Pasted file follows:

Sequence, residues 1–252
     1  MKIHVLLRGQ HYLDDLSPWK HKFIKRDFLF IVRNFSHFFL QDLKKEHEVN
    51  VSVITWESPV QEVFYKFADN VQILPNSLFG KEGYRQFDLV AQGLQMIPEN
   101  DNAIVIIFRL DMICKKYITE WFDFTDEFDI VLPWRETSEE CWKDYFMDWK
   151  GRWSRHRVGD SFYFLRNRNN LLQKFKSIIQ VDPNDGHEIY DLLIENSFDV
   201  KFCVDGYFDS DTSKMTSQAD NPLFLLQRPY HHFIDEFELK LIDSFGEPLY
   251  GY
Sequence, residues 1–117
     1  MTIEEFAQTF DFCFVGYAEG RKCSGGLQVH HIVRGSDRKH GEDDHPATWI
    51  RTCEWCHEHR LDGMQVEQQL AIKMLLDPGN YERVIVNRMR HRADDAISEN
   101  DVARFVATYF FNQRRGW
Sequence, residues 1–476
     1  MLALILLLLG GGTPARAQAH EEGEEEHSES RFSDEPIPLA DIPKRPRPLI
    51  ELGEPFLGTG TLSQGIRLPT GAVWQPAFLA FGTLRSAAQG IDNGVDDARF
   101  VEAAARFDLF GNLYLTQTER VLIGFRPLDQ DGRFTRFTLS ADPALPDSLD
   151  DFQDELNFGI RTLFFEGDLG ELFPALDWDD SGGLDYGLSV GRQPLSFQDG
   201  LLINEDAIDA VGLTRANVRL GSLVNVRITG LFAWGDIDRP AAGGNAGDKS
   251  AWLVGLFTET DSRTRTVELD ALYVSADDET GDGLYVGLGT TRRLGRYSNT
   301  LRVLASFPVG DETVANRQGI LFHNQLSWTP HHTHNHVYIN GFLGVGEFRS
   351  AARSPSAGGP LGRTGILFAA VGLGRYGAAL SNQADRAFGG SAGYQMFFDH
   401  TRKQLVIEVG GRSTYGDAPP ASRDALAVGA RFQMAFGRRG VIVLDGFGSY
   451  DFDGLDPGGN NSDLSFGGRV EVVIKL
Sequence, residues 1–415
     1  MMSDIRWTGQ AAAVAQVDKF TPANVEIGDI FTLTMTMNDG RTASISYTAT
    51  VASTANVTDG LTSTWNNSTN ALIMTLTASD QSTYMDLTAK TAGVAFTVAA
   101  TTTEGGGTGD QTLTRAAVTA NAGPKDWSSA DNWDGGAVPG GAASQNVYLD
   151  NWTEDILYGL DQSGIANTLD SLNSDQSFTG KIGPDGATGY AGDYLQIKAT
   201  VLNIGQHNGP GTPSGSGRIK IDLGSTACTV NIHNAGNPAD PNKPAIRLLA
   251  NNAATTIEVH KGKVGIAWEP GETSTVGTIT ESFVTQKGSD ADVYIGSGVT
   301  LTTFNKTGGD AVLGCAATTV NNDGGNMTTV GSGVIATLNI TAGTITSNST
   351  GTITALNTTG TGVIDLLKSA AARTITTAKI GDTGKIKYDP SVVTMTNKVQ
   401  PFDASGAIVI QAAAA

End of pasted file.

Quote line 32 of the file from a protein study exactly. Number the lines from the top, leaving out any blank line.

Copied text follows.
   401  PFDASGAIVI QAAAA